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shanmugapriya
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[*] posted on 11-9-2013 at 15:56
sodiumdithionate


Can anyone of you tell me procedure for reduction of nitro to amine by sodiumdithionate. plz
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[*] posted on 11-9-2013 at 22:47


Dithionate, S2O6(2-), is not a reductor, it is nearly as inert as sulfate. Only strong oxidizers are capable of oxidizing the dithionate ion to sulfate ion.




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[*] posted on 12-9-2013 at 00:36


I would be curious if you know any reactions that can be done with dithionate.
Perhaps with acetone? (reaction might be slow)

Elemental iodine spontaneously reacts with acetone. And sulfur will oxidize anhydrous hydrogen iodide.

[-]O-SO2-S-CH2-CO-CH3



[Edited on 12-9-2013 by AndersHoveland]
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[*] posted on 12-9-2013 at 02:30


I once purchased 100 grams of potassium dithionate, but I have to conclude that this chemical is not very interesting. It does react with anything, I have not found any interesting redox chemistry, nor any formation of precipitates or complexes. It is remarkably inert.



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Dr.Bob
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[*] posted on 12-9-2013 at 10:13


It is used to reduce aromatic nitro compounds to anilines in some cases. But it requires heat, time and the right solvent. There are some cases in which that works without affecting double bonds, benzyl esters and other easily reduced functional groups. It is also used in the synthesis of luminol from 3-nitrophthalic hydrazide in one of the older Fieser organic texts. But it does go bad over time, I believe, due to air oxidation.

If you want procedures, just Google "sodium dithionite reduction of nitro compounds"or look in SciFinder.
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[*] posted on 12-9-2013 at 10:26


Quote: Originally posted by Dr.Bob  
It is used to reduce aromatic nitro compounds to anilines in some cases.

I think I would have read about it, if sodium dithionate would be able to reduce anything organic. Do you have any reference at all?
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It is also used in the synthesis of luminol from 3-nitrophthalic hydrazide in one of the older Fieser organic texts.

No. Sodium dithionite is used in that synthesis.
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If you want procedures, just Google "sodium dithionite reduction of nitro compounds"or look in SciFinder.

That wont help much as the question is about procedures using sodium dithionate. If the original poster was interested in the dithionite, he would not be asking for examples here. Already a google search gives tons of examples.




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[*] posted on 12-9-2013 at 11:10


Maybe the OP made a typo or does not know the difference between dithionite and dithionate. Dithionite is the ion S2O4(2-), which is a strong and fast acting reductor, which is very unstable in acidic solutions (gives rise to very nasty and smelly sulfurous compounds). Dithionate is the ion S2O6(2-) and this is a rather tame and inert ion, both at high pH and at low pH. I have not found any interesting reactions with this ion and the stuff now is sitting on the shelve, waiting for a nice application or demonstration. Even a strong oxidizer like KMnO4 has difficulty oxidizing dithionate, it requires heating and the reaction is slow.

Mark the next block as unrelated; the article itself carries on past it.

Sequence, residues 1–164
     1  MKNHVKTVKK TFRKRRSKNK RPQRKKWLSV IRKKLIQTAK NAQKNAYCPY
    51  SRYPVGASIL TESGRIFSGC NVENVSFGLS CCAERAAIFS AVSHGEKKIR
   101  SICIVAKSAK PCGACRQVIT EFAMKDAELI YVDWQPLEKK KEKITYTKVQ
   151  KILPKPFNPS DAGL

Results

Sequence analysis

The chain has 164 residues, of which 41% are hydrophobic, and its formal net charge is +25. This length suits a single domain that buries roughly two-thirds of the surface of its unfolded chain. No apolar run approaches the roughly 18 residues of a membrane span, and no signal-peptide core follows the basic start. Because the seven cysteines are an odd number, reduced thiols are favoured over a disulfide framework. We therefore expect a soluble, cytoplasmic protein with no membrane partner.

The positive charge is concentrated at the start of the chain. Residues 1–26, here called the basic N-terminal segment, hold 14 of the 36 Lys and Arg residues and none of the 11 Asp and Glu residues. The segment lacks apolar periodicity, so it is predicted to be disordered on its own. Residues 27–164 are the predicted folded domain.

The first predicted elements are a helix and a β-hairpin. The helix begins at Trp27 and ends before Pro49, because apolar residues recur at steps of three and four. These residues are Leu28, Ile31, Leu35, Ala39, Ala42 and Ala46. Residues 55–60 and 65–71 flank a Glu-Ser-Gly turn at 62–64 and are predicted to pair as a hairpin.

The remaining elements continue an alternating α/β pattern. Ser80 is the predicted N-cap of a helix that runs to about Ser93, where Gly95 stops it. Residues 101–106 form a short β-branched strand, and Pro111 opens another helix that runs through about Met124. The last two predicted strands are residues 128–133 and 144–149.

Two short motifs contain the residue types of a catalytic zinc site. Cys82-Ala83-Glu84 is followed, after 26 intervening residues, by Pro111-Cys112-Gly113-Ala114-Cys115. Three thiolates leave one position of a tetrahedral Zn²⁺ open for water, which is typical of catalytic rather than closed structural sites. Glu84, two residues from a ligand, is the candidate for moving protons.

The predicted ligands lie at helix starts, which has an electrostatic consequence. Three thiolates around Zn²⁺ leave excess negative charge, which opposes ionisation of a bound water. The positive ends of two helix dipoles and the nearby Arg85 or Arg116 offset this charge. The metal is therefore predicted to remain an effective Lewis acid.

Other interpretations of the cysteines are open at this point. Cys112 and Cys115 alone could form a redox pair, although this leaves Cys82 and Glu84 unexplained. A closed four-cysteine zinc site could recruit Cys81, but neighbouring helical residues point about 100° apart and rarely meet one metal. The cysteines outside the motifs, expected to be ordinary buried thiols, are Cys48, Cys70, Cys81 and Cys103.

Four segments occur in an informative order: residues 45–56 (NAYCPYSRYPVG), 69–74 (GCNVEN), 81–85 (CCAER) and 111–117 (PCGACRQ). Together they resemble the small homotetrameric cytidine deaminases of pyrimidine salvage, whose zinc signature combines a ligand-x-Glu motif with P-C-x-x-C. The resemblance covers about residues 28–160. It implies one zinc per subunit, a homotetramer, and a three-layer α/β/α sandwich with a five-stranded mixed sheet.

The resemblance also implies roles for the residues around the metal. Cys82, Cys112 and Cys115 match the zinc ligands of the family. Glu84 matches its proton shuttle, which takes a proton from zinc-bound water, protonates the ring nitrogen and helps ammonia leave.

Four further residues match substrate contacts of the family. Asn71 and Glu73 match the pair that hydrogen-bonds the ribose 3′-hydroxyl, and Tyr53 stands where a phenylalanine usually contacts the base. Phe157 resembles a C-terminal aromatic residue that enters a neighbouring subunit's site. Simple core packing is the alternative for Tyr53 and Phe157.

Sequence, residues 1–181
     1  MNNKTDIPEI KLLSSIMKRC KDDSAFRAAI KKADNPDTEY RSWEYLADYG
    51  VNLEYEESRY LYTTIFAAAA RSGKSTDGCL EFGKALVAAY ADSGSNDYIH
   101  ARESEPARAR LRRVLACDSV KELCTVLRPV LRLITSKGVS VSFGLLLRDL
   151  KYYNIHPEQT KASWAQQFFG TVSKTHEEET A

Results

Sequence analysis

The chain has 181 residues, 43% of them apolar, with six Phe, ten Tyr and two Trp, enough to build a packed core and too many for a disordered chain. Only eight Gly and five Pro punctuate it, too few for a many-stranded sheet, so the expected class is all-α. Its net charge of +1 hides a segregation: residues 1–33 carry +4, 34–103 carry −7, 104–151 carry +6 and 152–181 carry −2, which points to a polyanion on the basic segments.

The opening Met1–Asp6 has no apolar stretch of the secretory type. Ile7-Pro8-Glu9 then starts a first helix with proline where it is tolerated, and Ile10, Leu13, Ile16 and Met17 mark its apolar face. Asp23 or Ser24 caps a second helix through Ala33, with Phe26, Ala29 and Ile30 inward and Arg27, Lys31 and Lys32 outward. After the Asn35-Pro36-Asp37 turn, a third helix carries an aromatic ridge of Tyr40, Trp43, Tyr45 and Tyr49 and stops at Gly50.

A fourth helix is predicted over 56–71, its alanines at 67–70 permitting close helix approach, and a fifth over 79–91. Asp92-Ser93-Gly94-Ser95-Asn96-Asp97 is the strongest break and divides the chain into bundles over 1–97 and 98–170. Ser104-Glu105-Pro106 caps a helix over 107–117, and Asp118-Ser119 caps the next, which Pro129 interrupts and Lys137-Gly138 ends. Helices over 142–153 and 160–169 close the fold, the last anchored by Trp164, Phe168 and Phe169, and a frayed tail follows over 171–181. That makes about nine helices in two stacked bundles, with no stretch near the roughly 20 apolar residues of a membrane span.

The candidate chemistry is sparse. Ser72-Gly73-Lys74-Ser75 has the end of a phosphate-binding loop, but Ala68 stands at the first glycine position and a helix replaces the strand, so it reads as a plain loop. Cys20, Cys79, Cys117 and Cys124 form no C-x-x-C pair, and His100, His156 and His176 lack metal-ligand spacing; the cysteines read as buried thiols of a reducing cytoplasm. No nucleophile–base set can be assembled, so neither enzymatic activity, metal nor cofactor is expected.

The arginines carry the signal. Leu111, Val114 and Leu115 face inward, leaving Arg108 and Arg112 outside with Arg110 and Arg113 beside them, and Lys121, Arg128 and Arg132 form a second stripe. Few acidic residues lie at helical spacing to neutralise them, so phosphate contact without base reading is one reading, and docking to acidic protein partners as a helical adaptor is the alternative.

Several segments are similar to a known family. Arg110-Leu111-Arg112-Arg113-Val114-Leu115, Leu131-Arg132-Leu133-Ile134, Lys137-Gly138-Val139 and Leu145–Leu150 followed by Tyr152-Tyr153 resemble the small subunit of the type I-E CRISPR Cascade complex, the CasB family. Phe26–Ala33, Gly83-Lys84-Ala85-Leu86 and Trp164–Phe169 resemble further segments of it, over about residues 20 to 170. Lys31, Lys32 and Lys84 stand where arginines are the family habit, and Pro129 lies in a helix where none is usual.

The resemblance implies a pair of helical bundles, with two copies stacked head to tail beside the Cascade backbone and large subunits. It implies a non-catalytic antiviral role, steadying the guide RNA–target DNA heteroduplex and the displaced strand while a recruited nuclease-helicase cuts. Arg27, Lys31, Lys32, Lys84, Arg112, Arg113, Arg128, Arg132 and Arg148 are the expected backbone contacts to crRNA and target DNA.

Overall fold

If you use dithionite, then be careful. The sodium salt of this is quite dangerous. It gives off very pungent fumes and especially if it is damp it may become pyrophoric and inflame spontaneously when brought in contact with air! I have some of this salt and it must be stored in a very tightly stoppered bottle!




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[*] posted on 12-9-2013 at 16:44


Thank you for the kind replies. sodiumdithionate is not workable one. Can i make use of sodiumdithionite for reduction of nitro group. My friend suggest me to use sodiumdithionite with sodiumbicarbonate in THF/Water system. I have done but no reaction carried out. Kindly propose the method to improve the reduction.

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[*] posted on 12-9-2013 at 22:51


Please tell the precise compound to be reduced. Not all nitro-compounds can be treated in the same way, more background information is needed for a useful and detailed answer.



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[*] posted on 13-9-2013 at 06:43


Sorry, I missed the spelling being dithionate. I have never even heard of that ion (S2O6)-2, and given the spelling on here, I would have chalked it to being a typo if I had noticed it. That would be a very weak reducing agent indeed. I was referring to dithionite, which works great for some reductions. Sorry again for replying when tired, I did not catch the spelling.
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